Community, access to education drive Lucking legacy at ASU

Pit Lucking knows the design aspirations laid out in ASU President Michael Crow’s vision of a New American University. Particularly, she has focused on at least two of them: social embeddedness and enabling student success.

Last year Lucking, with her husband, John, created an endowment – in memory of her parents’ instrumental work for the university – known as the Wetzler-Lucking Scholarship endowment, which provides students who are returning to higher education with scholarship aid in ASU’s New College of Interdisciplinary Arts and Sciences. The endowment is an outgrowth of the same scholarship first offered in 1998. By turning the scholarship opportunity into an endowment, access to qualified students is ensured in perpetuity.

“There will always be curious people who will look for new opportunities to improve themselves,” says Lucking, noting that she and John had dropped out of college only to return later to earn their degrees. “Many students exhaust their funds while exploring educational opportunities, but they have the drive and incentive to come back and pursue a future. For this, I hope to make funds available to them.”

Lucking doesn’t just provide financial support for ASU students; Lucking has volunteered her services for many years. Her father, Charles Wetzler, was a founding board member of the ASU Foundation for A New American University, and now Lucking has placed her mark on the university, as she has built a legacy focused on community service and higher education opportunities.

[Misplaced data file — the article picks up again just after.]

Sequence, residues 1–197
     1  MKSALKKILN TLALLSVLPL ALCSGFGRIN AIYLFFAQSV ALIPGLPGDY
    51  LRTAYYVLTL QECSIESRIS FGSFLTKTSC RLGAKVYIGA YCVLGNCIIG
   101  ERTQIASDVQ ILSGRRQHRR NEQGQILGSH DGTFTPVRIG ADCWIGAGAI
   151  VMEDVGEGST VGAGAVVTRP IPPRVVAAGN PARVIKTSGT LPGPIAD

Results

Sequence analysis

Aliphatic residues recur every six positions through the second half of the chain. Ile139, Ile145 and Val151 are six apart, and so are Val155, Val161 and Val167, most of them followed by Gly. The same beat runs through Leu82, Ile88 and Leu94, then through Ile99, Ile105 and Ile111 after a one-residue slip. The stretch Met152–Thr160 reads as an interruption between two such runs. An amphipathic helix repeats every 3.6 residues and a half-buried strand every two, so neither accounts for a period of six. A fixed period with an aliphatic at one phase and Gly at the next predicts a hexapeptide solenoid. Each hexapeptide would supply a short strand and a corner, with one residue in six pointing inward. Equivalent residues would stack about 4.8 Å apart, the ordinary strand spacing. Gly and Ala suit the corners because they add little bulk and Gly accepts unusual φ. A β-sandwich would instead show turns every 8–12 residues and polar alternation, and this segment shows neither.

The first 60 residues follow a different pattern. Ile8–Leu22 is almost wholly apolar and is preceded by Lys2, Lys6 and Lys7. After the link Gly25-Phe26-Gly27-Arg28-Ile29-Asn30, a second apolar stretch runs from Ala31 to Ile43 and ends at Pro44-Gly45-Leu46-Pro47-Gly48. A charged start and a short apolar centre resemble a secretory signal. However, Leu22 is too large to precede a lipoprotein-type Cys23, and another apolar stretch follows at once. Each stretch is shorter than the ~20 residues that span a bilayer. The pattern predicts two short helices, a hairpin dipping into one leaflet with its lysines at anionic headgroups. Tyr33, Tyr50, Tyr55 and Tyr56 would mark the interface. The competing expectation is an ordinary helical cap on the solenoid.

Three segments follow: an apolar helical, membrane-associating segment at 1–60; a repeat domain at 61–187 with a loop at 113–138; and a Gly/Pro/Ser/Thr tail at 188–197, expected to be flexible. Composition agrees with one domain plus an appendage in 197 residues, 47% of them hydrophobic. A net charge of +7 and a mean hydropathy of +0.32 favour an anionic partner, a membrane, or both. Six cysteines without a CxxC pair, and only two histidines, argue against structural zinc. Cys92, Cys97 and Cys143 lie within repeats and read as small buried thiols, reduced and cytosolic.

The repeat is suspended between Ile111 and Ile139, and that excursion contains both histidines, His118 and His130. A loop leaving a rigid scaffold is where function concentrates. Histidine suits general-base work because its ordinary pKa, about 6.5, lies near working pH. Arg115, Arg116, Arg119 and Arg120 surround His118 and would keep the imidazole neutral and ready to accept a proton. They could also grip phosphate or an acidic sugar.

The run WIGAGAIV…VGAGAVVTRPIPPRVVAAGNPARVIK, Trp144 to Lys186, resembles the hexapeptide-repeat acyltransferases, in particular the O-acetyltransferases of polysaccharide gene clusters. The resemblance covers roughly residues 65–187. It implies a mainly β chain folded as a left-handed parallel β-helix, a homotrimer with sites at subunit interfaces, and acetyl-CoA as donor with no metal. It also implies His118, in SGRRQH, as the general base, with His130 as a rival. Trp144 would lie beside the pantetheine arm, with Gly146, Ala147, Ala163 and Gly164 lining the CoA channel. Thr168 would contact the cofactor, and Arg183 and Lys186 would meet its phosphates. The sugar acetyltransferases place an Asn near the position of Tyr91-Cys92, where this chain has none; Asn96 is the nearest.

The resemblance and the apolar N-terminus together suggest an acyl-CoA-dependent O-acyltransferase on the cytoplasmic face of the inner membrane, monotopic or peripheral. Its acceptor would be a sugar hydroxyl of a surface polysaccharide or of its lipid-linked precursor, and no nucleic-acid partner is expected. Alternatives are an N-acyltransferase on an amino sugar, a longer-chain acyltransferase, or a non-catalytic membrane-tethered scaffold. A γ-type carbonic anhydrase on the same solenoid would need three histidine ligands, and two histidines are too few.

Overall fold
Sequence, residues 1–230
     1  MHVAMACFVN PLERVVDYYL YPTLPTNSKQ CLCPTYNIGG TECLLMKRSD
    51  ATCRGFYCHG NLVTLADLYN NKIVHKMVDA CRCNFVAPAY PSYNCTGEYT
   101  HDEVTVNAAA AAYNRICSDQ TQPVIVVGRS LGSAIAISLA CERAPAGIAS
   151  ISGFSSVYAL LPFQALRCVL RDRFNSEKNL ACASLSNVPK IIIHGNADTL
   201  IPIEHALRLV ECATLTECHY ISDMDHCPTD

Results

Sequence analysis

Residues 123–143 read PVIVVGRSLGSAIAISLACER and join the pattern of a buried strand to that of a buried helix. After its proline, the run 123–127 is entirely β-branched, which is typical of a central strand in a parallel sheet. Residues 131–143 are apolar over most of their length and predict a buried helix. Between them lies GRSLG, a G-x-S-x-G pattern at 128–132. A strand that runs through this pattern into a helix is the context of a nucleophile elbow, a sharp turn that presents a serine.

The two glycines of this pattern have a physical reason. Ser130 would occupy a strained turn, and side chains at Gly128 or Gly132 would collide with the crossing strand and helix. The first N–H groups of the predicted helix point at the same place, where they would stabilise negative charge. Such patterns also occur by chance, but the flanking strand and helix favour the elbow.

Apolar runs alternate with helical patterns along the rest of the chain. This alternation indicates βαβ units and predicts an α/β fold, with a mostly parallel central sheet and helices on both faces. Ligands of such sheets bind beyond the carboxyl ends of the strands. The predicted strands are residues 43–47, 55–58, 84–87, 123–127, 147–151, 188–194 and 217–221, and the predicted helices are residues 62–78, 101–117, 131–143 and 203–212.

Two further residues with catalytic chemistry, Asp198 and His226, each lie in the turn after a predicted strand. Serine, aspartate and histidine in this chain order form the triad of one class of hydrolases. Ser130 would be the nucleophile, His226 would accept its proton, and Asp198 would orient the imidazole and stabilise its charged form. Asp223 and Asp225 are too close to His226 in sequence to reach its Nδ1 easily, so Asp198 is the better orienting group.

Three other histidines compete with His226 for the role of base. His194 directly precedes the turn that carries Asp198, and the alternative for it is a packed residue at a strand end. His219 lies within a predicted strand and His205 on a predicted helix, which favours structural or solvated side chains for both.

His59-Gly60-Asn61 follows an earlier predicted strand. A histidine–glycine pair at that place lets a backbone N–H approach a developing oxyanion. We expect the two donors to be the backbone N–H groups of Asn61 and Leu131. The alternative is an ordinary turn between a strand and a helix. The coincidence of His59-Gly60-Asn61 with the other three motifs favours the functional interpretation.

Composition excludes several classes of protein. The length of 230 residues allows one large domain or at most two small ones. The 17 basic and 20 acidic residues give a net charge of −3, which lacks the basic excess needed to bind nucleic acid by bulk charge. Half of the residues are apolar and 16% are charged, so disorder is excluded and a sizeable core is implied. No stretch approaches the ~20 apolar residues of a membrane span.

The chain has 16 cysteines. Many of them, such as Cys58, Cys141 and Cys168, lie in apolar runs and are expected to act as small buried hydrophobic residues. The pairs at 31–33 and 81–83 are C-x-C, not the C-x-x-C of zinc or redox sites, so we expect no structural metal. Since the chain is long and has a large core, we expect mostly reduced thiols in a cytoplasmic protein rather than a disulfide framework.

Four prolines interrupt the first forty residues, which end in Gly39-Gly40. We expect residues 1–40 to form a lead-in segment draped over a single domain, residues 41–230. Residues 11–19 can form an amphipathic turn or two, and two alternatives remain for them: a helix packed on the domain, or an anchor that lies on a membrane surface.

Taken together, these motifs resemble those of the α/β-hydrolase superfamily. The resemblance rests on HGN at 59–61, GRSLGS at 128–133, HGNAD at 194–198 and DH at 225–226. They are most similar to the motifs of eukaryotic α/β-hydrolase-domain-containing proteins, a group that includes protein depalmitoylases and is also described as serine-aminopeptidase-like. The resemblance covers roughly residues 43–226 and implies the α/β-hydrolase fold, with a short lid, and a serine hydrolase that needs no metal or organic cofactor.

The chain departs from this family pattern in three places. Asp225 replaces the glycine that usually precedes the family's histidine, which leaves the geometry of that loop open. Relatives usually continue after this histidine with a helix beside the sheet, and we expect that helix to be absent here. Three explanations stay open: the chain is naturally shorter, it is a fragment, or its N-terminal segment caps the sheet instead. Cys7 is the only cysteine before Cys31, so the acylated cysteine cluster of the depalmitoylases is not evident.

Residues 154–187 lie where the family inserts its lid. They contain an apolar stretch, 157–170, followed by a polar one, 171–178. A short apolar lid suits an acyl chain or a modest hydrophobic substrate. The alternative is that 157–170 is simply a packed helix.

“ASU has been a part of my life as long as I can remember,” says Lucking, who, with her husband, has been a longstanding member of the ASU President’s Club, a high-level philanthropic organization committed to the positive transformation of higher education. “I used to accompany my father to football games, helped the health clinic to a new location, and I even babysat for little Grady Gammage when his mother, the director of the early ASU Foundation, was attending ASU events.”

Today, Lucking can look back on years of organizing ASU students, faculty and staff to volunteer across the greater Valley community. Her charges have supported just about every nonprofit, education and civic program locally and have contributed mind and muscle to efforts benefiting education, social sciences, fine arts, health care and more.

In 1998 Lucking launched a new Volunteer Information and Referral Services office on ASU’s West campus. She did so as a volunteer herself.

“I was reared in a home where community service was vitally important,” she says. “It was as much a part of life as going to school or riding a bike.”

Lucking also serves as a mentor to those she supports.

“Pit’s selfless support of others – in the community and around New College – is truly remarkable,” says Elizabeth Langland, dean of the New College. “Through her contagious energy, enthusiasm, hard work and wisdom, she has made a major impact on ASU and the community at large.”

Says Lucking, “I’m honored to be able to play a role in students’ education. This is a rewarding way to help strengthen the Valley through education, and to do so in a very personal way.

“The education system and the faculty, students and staff who make ASU great are the engine that drives the economic and social development of this community. We are extremely proud to be involved, and we want to see ASU and its programs continue their positive growth into the future.”

Stephen Des Georges

ASU Foundation for A New American University